Occasionally, some of the penchant for the shock factor he undoubtedly picked up from his time in the military ruffles community feathers. As was the case when D1 Council Member Ora Houston invited the gunmaster to a town hall in January to speak about the new gun laws.

"If any community needs to hear anything about guns and gun laws, it should be the black community," he said.

But Cargill didn't go to the town hall with words alone. He came carrying a disassembled AR-15 in a black bag, which he used to illustrate the difference between handguns and long guns in relation to the new 30.06 and 30.07 signs businesses use to bar concealed or open carry. Those signs refer to handguns – not long guns (rifles, shotguns, etc.).

It was also, frankly, a bit of a marketing stunt.

Cargill explained: "To prove to you that you need to come to class: 'Hey, officer, can you give me that black bag right there?' Officer turned around and grabbed my black bag. I put it on the table. Inside my black bag, I had an AR-15 taken apart in two pieces. So I opened up the black bag, I took out the AR-15 in two different pieces. And it clips together in just two clips. So once you put it together, two clips, boom, AR-15.

"And I said, 'Right here, in this church, if they had a 30.06 sign posted on the door and a 30.07 sign, can I have this AR-15 in this church?' And they thought, 'No.' No, the 30.06 and 30.07 is for the handgun, not the long gun. This AR-15 is legal inside this church."

The gun dealer drew some criticism behind the scenes, a revelation that delights him. "Oh man, they said something about that? That's awesome," he said.

He said he was trying to get across in 15 minutes what currently takes six hours in one of his courses. It's the same reason he takes a news crew with him to open carry on Capital Metro buses. So that you learn, in a few minutes, that there's no law prohibiting carrying a handgun on a public bus. And ignoring a 30.07 sign and continuing to open carry is a Class C misdemeanor and a $200 fine that Cargill called a "traffic ticket." But if you tell someone to remove a gun from private property and they refuse, the punishment rises to a Class A. "What I tried to convey to them is, their voice is a lot more powerful than any sign," he said. "Because if they do it, and [a license holder] refuse[s] to leave, it's trespassing."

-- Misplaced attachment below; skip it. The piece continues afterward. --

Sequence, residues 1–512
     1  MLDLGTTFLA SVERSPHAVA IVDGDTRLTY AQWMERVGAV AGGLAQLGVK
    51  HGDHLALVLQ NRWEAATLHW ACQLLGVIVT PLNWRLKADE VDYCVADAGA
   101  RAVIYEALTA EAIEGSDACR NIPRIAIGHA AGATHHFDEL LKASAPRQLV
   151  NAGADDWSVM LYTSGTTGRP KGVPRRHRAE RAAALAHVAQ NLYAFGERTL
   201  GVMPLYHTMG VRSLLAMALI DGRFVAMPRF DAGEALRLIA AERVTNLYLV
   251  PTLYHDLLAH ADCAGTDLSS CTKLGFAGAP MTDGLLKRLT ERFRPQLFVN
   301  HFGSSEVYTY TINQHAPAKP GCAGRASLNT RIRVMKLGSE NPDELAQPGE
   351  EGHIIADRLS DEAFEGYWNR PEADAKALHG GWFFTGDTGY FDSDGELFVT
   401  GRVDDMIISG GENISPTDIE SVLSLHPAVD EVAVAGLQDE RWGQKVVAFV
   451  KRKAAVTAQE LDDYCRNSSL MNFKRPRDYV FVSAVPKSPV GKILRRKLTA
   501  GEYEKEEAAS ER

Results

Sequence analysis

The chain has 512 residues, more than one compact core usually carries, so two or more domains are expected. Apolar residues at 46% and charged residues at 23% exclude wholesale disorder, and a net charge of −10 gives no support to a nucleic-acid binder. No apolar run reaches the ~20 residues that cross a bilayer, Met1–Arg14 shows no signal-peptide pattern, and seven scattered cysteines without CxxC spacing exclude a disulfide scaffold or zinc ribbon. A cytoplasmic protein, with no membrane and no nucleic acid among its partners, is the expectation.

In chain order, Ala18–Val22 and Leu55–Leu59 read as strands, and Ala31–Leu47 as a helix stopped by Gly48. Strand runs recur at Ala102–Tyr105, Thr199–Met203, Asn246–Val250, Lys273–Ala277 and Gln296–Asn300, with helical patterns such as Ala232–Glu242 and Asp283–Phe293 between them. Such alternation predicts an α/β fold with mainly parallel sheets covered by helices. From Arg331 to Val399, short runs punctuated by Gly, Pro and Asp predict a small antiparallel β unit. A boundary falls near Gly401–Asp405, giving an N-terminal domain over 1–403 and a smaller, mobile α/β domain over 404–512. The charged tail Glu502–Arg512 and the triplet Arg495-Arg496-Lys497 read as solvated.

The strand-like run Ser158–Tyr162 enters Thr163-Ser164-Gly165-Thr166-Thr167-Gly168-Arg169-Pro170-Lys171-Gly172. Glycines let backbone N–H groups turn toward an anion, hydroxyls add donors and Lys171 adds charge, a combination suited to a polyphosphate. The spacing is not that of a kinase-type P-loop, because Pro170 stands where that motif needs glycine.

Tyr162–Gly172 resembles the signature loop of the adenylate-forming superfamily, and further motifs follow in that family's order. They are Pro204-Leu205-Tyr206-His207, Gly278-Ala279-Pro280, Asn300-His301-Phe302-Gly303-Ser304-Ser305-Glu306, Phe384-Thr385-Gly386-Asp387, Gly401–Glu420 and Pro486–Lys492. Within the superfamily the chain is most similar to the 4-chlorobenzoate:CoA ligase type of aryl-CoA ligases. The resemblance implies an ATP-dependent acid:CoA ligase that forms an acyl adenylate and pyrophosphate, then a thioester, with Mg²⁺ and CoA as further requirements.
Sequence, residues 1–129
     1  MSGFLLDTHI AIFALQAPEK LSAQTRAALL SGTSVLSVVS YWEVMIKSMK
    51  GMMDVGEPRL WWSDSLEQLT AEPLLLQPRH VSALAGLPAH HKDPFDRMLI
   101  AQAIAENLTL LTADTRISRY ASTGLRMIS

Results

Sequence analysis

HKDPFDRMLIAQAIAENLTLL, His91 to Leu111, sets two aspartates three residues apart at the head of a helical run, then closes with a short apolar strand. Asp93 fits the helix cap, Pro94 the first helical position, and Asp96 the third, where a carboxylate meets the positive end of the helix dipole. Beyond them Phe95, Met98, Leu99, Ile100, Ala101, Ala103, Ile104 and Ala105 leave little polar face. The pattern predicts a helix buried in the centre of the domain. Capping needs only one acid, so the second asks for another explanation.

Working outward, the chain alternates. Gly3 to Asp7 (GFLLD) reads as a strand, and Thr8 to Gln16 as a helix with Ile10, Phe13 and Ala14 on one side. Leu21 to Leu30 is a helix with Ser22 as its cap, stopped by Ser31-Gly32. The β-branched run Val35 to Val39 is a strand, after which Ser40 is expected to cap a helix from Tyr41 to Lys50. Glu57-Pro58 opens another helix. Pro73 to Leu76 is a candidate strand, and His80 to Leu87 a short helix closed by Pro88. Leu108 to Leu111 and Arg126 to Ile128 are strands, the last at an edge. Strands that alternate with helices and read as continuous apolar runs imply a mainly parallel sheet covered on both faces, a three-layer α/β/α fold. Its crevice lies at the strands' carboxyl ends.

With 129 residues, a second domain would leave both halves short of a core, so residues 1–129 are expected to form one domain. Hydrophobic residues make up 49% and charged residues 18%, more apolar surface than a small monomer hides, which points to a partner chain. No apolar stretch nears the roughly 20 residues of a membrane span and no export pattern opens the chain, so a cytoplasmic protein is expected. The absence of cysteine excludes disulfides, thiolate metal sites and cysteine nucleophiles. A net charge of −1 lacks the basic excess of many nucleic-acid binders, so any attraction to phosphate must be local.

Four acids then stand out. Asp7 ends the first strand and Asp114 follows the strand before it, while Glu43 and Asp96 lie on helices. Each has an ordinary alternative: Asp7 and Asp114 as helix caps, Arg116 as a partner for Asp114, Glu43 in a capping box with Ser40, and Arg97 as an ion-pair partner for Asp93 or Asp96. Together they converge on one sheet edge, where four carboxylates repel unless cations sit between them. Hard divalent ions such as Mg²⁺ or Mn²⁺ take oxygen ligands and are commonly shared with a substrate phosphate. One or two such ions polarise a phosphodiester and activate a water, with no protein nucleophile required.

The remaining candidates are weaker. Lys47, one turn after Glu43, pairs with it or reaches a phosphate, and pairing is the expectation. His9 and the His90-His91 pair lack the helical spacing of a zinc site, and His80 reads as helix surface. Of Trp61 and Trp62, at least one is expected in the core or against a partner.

And just so we're clear: "No, I do not regret it. I would do it again. I'll do it every time. I believe in carrying in church."

Emergency Leave

In his classes at the shop, Cargill tells his students about his grandmother's rape more than 25 years ago. He was an 18-year-old Army recruit when he had to take emergency leave and return home to Fort Lauderdale, Fla., to visit her in the hospital. His grandmother, who was blind in one eye, had been accosted at a bus stop. She used public transportation daily.

That story silences all 40 students.

"My grandmother, when she got on the bus, she would say, 'Good morning, everyone!' And when she got off the bus to leave, 'God bless you. Everyone have a good day!'

The sweetest lady you ever want to come across in your life."

At that time, the only experience Cargill had with guns was what he'd learned in the military. But he said the thought of him or another family member being a victim again made him expand his knowledge. And the anger he felt at being treated badly at a gun store around that time motivated him to one day open his own shop, which he did in 2006 with CenTex.

"I felt uncomfortable talking to the people at the counter. I thought they were racist. They were rude. I didn't feel comfortable dealing with them," he remembered. "I thought, 'This is awful.' So what do we do? You know what, learn how to do it myself. Learn how to teach this stuff. And get a gun store so I can teach this myself. So that's what I did."

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Michael Cargill, Central Texas Gun Works, open carry, Ora Houston, Sandy Hook, Don Zimmerman